What is TMJ Disorder?
TMJ / TMD, or temporomandibular joint disorder, is a term used to describe a group of symptoms including headaches; facial pain; jaw pain; sore, chipped, broken, or worn teeth, clicking or popping in the jaw, and limited jaw movement.
TMJ stands for “temporomandibular joint,” or jaw joint. These are the small joints in front of each ear that attach the lower jaw to the skull, and happen to be the most complex joints in the entire body.
The area of the face where the TMJ is located is an intricate network of bones, including the teeth, muscles, and nerves. Because of this, TMJ (dysfunction) conditions affect many areas of the body, from the top of the head in migraine-like headaches to numbness or tingling in the arms and pain in the neck or shoulders.
In many cases people suffering from TMJ / TMD report chronic pain in the jaw, teeth, face, head, neck, shoulders, or back, or any combination of these areas. Snoring, grinding of teeth, frequent ear infections and restricted airway are other problems associated with TMJ / TMD. This group of symptoms is also referred to as MPD (myofascial pain dysfunction) and craniomandibular dysfunction.
What Causes TMJ?
In most cases, TMJ disorders stem from a condition called malocclusion, which means having a “bad bite” or accidents and trauma. Malocclusion means that your upper and lower teeth do not close together in the correct way—they are misaligned. This includes underbites and overbites.
When the teeth are misaligned, they cannot provide the support the muscles in the face need for chewing and swallowing. These muscles are then forced into a strained position, resulting in pain throughout the face, head, arms, shoulders, and back. Although a person may have beautiful teeth or had orthodontics to line the teeth up for aesthetic reasons, the muscles and joints may not be comfortable.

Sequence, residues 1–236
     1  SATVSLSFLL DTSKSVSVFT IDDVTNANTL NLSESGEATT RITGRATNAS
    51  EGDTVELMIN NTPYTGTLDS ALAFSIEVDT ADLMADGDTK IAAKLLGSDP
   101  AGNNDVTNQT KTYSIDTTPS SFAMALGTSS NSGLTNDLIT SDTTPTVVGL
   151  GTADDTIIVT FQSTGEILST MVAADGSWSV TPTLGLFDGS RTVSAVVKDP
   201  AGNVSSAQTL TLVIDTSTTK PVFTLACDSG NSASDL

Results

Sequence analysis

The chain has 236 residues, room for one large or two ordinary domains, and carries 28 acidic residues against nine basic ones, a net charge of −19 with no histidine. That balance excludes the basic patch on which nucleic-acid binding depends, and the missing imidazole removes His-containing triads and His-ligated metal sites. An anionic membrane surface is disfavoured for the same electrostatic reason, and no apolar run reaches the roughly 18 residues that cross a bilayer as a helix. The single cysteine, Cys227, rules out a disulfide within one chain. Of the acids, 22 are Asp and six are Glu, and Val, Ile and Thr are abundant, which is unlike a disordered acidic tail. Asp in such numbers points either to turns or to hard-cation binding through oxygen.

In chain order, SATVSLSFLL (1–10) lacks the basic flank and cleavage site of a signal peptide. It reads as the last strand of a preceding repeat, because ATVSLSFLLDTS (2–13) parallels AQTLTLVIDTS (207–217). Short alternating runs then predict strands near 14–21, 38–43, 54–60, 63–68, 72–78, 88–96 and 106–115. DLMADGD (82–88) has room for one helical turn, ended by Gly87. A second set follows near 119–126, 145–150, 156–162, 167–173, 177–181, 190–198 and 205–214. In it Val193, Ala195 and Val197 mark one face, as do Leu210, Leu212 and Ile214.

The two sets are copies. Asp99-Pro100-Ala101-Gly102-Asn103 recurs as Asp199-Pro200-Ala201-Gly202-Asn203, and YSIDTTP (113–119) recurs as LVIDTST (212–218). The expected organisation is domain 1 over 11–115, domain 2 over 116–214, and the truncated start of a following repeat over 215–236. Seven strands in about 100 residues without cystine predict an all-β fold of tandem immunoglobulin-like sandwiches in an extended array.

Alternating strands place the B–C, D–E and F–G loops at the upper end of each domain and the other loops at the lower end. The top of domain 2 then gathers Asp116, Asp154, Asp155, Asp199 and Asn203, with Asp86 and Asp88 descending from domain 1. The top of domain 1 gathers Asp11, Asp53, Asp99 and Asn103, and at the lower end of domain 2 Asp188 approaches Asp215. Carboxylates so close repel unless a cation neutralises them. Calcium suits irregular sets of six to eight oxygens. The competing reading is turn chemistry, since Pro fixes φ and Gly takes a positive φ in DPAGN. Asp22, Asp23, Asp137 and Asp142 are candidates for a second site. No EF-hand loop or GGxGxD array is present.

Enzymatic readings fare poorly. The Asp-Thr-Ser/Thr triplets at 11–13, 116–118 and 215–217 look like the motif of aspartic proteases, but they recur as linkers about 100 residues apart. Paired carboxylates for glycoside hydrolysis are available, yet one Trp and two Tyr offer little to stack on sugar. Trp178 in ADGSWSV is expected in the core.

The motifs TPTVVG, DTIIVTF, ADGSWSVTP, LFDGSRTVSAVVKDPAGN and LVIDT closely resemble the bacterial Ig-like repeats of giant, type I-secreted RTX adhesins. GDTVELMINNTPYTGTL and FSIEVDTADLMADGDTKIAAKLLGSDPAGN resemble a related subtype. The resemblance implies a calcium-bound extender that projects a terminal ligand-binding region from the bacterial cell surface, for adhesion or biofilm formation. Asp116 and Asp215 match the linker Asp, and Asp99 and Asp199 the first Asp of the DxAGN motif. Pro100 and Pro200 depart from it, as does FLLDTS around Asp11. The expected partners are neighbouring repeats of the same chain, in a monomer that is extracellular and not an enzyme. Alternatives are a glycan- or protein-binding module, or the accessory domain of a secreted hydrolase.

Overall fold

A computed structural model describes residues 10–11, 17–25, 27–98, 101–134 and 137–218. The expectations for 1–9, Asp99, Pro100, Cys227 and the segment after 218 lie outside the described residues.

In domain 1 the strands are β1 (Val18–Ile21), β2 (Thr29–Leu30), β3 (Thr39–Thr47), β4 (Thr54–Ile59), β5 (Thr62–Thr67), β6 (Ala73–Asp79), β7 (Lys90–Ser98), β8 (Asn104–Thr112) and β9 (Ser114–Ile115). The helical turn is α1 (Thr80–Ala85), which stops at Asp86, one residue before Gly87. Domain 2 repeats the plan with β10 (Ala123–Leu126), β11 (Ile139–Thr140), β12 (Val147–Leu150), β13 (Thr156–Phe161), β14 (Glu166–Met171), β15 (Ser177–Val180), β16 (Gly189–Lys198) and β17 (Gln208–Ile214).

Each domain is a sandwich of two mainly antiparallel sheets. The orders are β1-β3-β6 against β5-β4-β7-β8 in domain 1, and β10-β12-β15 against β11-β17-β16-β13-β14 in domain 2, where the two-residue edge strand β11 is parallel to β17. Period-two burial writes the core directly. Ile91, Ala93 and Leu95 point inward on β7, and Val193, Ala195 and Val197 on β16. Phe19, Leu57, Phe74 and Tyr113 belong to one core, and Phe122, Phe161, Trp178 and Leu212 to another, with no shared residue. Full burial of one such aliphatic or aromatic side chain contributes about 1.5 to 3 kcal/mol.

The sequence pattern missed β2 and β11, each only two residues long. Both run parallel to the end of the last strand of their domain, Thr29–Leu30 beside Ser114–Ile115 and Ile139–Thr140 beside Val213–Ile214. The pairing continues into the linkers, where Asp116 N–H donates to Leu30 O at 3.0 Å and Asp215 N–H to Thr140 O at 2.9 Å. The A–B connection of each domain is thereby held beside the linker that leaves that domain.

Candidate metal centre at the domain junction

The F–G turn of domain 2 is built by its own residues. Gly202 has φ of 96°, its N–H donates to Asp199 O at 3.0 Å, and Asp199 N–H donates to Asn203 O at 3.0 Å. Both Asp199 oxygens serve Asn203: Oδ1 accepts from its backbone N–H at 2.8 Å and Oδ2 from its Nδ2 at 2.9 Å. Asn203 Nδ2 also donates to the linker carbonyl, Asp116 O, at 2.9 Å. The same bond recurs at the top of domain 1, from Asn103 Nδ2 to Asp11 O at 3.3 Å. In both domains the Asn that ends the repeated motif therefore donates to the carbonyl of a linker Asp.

Who Suffers From TMJ?
The majority of people suffer to a greater or lesser degree from TMJ. Although women report more pain from TMJ, TMJ in men causes as much or more damage to the teeth, gums, bones and joints.
Children are especially sensitive to TMJ and usually show early signs with ear infections, leaning their head on an arm, lip, cheek, or finger biting, sucking or chewing, headaches, snoring, grinding of their teeth at night, and significant chewing of gum.
How Can TMJ Be Treated?
Neuromuscular dentists first measure the most relaxed position of your jaw to determine the goal for normal jaw positioning. Then the dentist works to realign the bite and restore the teeth and thus the jaw and joints to their optimal position. Once the bite is realigned and the jaw is in place, pain that resulted from the imbalance disappears.
Click here for more information on how neuromuscular dentists treat TMJ.